Pitchfork Music Festival preview
Pitchfork Music Festival in Chicago is the pinnacle to the independent music scene in the Midwest, and this year’s lineup seems to be hand crafted to pick artists that complement each other’s styles at the smaller, intimate festival. Seeds Entertainment will be there this weekend to follow the curation of artists as well as preview some that will be performing around Nebraska in the fall. We’ve selected some of the sets we’re most excited to catch this weekend:
Kamaiyah: This lineup seems like the year of the woman, and Kamiyah’s 2016 debut album A Good Night In The Ghetto certainly leads that with the combative flow in her lyrics. Her low voice has a long length that combines with clipped beats to produce incredibly smooth west-coast rap. She was the only female rapper to be featured in the XXL Annual Freshman list for 2017, this will likely be one of the most deservedly hyped sets at Pitchfork.
Frankie Cosmos: The evening sun and Frankie Cosmos’ ethereal lyrics are sure to bring butterflies to your stomach. Cosmos got her start in poetry and she remains a master of creating couplets that instantly conjure the painful naivety of immature relationships and trying to figure your young self out. In the song I’m 20, Frankie Cosmos tells the simple story “I’m 20 / Washed up already / I’d sell my soul for a free pen.” Feel free to substitute your own age into these lyrics to fully embrace the angsty teen you’ve been trying to hide all work week.
The Feelies: Most well-known to modern audiences as the band that inspired Weezer’s first album cover or REM’s sound, this 1970’s New Jersey jangle-pop group is returning from a 15-year hiatus to grace Union Park. Their excellent 2017 release In Between reintroduced them to audiences that may have forgotten a valuable lesson, when you want music that’s equal parts twitchy and groovy, please, leave it to the originals.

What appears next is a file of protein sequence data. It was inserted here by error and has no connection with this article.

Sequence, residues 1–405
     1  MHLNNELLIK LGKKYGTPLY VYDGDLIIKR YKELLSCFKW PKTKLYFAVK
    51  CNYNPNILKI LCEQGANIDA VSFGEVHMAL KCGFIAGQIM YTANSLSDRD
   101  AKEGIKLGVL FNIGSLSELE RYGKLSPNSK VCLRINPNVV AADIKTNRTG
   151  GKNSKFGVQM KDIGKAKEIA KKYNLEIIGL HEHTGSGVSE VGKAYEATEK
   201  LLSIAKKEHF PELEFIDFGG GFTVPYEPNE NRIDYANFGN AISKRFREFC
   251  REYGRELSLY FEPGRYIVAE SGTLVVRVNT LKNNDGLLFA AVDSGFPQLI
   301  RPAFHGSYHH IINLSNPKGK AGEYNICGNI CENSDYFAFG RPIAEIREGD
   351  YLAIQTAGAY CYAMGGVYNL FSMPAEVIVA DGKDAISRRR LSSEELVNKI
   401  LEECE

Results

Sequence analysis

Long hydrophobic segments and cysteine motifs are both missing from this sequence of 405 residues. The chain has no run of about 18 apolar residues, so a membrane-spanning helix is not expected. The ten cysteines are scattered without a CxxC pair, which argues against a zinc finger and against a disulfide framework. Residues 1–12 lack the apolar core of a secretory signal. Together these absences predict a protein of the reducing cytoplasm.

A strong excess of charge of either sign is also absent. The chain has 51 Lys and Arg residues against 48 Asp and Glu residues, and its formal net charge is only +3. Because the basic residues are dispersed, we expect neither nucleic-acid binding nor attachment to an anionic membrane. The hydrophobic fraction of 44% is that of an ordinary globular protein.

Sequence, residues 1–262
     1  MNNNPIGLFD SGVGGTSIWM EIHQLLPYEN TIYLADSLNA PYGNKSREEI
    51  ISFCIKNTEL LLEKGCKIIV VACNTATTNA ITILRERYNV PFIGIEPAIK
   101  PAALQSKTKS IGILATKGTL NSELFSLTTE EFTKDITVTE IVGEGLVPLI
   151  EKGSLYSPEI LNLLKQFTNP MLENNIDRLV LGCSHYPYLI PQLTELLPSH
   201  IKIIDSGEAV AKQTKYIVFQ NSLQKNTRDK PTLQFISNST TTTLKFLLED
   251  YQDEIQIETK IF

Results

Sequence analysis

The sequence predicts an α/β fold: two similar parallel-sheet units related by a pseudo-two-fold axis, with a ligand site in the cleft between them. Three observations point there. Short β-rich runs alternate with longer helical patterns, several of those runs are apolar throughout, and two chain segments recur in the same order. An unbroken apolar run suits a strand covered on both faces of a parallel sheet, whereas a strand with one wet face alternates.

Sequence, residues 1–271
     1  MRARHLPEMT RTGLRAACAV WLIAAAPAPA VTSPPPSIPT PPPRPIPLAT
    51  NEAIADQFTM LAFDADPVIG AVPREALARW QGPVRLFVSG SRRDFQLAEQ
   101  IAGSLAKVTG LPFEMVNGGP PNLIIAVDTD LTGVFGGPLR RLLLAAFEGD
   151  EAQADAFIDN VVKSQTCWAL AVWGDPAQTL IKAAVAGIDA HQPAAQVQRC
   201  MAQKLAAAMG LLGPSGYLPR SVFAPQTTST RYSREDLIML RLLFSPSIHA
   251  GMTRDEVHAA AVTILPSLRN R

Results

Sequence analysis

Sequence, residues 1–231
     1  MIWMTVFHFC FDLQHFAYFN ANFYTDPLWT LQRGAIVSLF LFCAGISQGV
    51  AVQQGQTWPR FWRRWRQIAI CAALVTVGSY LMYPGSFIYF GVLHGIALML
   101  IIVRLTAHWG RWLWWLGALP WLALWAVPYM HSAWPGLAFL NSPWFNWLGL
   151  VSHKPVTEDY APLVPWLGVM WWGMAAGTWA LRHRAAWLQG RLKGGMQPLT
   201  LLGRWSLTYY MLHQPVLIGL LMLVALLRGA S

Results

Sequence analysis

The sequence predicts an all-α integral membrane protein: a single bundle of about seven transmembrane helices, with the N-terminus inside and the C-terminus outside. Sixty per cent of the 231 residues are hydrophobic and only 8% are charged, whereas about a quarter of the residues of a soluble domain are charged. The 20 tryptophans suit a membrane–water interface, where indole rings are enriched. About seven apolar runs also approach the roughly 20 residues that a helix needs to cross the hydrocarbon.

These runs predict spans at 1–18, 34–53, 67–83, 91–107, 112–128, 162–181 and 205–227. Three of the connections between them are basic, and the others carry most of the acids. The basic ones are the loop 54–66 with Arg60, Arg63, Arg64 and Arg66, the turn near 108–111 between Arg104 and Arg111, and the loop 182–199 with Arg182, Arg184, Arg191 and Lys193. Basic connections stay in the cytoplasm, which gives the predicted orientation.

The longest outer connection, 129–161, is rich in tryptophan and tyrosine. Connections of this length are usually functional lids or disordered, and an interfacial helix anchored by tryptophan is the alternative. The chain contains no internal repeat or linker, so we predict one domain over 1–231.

A Tribe called Quest: After Tribe member Phife Dawg passed away in 2016, uncertainty circled around the status of their long-gestating album but eight months later, A Tribe Called Quest released We got It from Here… Thank You 4 Your Service. After an eighteen-year break, releasing an album that was merely good would be an greeted as a blessing. However, Tribe released a classic. The charged lyrics define Tribe’s legacy from the perspective of the downtrodden, and they also indicate that Tribe wrote and produced this album expecting the first female president but dreading the opposite happening. Two days after Trump’s election, A Tribe Called Quest released the most prescient and best political album of the year.
Derrick Carter: Highly active in the 90’s Chicago club scene, Carter’s early projects had great influence on the decade’s growing European house and techno movements. Carter blends classic instrumentals with ambient sounds to create exquisite transitions, and he stays true to his Chicago roots by incorporating jazz and funk tracks that were part of a culture that defined the culture. Carter will likely put on a energetic hometown set with his Chicago influences very apparent.
The Avalanches: After their debut album Since I Left You in 2000, The Avalanches 2016 release Wildflower was a longly anticipated album of the new millineum after 16 years of active production. Transitioning from the softer, travelogue sounds of their debut, Wildflower shows a large rap influence. For the first time, The Avalanches diversified their sound by reaching out to features artists, enlisting Danny Brown and MF Doom on the first single “Frankie Sinatra,” Toro Y Moi’s Chaz Bundick on the track “If I was a Folkstar” and even Biz Markie and David Berman (of Silver Jews) Given the Avalanches famously limited tour US tour schedule and the potential for a guest star, this act was an impressive get for Pitchfork and a cant-miss.